Now matter how high oil prices go, investors hoping to strike it rich will need to know where to drill. But some people see plenty of choice spots. Early prospectors hit a few gushers by tuning out the noise questioning last year's big rise in oil prices. Exploration outfits Apache ( APA) and Chesapeake ( CHK), for instance, have rocketed 40% and 67% since last spring on strong commodity prices. Even so, some experts believe the really big energy discoveries are yet to come. "As you know, we like energy stocks -- a lot," Robert Howard wrote to subscribers of his Positive Patterns investment newsletter late last month. "And they have done well for us over the years. But honestly, now more than ever, we think this may be the time for you to overweight your portfolio in the sector." If anything, Howard has seen his optimism rise along with oil prices that, last week, hit a 13-year peak of $38 a barrel. Howard is convinced that cheap energy may finally be a thing of the past. And he isn't necessarily alone. A number of industry experts believe that tight supply and strong demand may keep energy -- and thus energy stocks -- expensive for some time to come.
Pfeifer went on to single out ConocoPhillips ( COP) as his favorite pick in the group. He also likes ChevronTexaco ( CVX) and ExxonMobil ( XOM). Howard likes the supermajors as well. He even recommends Royal Dutch/Shell ( RD), despite the company's massive writedown of proven reserves. "We have NO reservations about buying Shell here," he wrote last month. "Be our guest." Howard says the supermajors are valued on the basis of $25 oil. Still, he likes the drillers -- particularly Baker-Hughes ( BHI) -- even more. Indeed, he sees big opportunities across the energy sector. "If oil goes to $40 or $45," he said, "it will be like shooting fish in a barrel."
"It was a lot easier for me to tell people to buy two years ago, when no one believed" in high energy prices, said Cartwright, who covers energy bonds for BOSC, an affiliate of Bank of Oklahoma. "My only real concern about investing in oil and gas stocks and bonds today is that, now, everybody wants to do it." Even Cartwright expects oil prices to remain between $30 and $40 for the rest of the year. He believes that worldwide oil supplies will continue to be disrupted by political unrest in the Middle East, Nigeria and Venezuela. At the same time, he sees oil demand rising with economic rebounds in the U.S. and China. He points to the latter country, in particular, as a growing consumer of fuel. "The potential that one out of 10 Chinese citizens could have a car 20 years from now puts a huge demand on world oil supplies," Cartwright explained. Bear Stearns analyst Leuffer downplays China's current impact on worldwide oil supplies. He says that China still consumes less oil than Europe, Japan or the U.S. Moreover, he describes oil statistics -- particularly from China -- as unreliable. Still, he acknowledges that China's growing appetite for oil could lift worldwide demand, and possibly prices, down the road. For now, Leuffer offers his own explanations about today's high energy prices. And he singles out the strategic reserve as an especially powerful influence. "Oil traders seem to be viewing the SPR as a black hole into which oil simply disappears," Leuffer wrote. "We think this reflects a belief that the government will not release oil in any situation other than a supply emergency, and that the SPR fill is likely to continue." Leuffer isn't necessarily convinced that such expensive stockpiling is a good idea. Already, he points out, the SPR accounts for 1% of domestic oil demand -- and he sees no reduction in sight. "We believe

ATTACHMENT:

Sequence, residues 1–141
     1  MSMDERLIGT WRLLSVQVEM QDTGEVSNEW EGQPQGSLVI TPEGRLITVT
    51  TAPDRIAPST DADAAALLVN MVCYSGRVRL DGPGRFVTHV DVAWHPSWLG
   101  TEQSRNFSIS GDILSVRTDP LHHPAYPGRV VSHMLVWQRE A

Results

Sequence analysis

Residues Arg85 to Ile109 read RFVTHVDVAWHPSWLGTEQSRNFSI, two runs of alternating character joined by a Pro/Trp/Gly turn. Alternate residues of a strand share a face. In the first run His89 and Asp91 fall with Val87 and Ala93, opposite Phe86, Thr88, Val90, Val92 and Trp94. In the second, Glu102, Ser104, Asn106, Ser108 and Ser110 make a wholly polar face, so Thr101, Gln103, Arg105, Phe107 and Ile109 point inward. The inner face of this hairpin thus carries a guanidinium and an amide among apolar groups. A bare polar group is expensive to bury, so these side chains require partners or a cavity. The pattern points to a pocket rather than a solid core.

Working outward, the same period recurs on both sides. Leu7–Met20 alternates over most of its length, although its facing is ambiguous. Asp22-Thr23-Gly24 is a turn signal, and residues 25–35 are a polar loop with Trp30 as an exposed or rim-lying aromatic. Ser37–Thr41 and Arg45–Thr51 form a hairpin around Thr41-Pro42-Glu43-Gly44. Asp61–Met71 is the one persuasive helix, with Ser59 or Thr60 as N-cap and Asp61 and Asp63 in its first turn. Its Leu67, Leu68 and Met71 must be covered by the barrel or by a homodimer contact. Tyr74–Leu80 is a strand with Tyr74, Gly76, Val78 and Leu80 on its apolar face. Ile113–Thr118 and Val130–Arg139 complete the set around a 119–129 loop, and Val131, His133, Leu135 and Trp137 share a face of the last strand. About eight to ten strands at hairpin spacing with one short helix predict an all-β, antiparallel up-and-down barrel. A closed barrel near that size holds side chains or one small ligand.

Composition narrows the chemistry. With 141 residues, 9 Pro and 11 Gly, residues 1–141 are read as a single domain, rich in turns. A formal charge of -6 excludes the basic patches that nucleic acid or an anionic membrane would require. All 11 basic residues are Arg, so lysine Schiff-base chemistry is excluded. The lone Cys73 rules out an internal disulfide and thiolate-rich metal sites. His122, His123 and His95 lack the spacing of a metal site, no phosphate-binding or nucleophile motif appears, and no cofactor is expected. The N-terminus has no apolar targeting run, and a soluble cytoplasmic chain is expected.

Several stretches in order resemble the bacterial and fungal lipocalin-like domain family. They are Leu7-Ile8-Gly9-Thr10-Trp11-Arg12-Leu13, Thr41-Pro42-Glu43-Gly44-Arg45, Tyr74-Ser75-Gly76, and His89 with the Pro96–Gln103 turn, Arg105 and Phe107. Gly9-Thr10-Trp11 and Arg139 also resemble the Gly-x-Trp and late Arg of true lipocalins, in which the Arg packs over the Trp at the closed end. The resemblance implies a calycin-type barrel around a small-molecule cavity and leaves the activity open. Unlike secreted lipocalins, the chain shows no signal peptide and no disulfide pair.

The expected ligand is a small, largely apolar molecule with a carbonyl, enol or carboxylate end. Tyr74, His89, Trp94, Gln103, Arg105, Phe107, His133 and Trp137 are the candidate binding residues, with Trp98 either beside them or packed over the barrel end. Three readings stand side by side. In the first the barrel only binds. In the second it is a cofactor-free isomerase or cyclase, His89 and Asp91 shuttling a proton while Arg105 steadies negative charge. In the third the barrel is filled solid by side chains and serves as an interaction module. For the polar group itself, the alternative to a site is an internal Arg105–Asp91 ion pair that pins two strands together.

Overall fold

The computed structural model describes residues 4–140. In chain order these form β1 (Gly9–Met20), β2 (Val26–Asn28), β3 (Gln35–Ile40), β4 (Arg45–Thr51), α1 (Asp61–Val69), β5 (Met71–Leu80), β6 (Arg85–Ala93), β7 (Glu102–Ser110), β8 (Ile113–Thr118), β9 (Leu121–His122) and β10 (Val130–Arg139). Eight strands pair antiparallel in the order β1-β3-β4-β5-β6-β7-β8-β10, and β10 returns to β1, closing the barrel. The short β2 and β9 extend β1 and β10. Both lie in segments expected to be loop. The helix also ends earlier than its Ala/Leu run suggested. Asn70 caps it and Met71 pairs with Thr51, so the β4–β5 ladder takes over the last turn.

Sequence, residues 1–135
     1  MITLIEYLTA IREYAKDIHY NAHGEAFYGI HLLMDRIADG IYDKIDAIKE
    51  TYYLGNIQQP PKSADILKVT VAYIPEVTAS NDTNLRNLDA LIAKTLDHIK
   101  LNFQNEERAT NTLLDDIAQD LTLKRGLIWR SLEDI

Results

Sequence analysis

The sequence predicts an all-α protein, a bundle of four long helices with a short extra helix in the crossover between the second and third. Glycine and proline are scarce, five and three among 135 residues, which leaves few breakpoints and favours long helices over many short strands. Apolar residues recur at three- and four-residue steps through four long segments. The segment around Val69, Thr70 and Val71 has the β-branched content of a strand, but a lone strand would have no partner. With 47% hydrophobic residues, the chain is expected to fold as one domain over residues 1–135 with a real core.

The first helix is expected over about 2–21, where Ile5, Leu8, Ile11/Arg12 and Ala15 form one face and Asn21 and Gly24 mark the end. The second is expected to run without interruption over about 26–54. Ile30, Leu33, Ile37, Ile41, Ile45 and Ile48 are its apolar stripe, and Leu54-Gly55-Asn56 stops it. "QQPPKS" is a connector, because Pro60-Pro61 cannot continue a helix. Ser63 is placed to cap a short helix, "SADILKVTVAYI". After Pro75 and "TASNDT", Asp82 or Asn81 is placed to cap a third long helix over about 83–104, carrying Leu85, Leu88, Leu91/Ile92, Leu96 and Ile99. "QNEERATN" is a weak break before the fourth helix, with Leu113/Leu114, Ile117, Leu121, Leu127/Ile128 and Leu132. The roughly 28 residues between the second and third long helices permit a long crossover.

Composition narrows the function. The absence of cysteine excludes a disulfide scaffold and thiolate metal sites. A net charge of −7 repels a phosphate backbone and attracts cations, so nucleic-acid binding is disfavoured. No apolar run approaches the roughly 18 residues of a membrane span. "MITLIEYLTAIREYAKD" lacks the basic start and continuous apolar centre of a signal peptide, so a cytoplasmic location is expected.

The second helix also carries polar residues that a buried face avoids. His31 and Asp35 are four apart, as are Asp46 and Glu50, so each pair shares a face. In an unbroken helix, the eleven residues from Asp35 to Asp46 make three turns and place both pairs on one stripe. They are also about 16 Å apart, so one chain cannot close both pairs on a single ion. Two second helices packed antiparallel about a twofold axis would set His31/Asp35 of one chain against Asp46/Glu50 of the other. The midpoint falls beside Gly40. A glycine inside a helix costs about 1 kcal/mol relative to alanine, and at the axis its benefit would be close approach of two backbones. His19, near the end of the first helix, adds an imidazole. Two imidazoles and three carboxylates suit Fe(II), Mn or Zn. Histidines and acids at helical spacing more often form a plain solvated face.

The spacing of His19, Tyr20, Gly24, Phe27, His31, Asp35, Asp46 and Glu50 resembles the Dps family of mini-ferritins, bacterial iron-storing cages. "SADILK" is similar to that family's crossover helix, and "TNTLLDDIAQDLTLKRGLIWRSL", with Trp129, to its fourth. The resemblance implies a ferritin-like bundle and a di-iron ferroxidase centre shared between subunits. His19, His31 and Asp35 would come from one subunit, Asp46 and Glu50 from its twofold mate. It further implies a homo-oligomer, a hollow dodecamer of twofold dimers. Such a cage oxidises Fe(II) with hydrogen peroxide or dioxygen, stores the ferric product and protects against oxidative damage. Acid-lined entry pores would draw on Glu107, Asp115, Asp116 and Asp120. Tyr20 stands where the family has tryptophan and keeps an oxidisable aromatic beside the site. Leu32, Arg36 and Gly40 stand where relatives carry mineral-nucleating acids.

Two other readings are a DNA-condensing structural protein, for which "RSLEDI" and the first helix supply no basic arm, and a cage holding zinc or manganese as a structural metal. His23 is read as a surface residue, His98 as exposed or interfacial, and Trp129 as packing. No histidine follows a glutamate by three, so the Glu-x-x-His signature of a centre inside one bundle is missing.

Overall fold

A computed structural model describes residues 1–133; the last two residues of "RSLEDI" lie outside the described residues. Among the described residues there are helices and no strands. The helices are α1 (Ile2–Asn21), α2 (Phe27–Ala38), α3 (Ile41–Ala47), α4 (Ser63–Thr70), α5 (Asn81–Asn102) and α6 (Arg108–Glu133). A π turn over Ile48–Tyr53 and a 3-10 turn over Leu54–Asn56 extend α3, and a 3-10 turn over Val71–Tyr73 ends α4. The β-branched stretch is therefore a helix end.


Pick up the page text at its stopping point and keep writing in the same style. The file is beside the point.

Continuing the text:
a cutback would cause oil prices to fall," he stated. "It would be like giving the U.S. and world consumers a tax cut. However, the government shows no signs of slowing purchases." In the meantime, he acknowledges, investors have started to question whether energy prices will ever fall back to historic levels again. "The sharp rise in oil prices to $37 ... has coincided with a number of significant events involving geopolitics, macroeconomics and the petroleum industry," he summarized. "These have piqued the interest of investors and are causing many portfolio managers to question whether we have entered a new era of sustained high oil prices."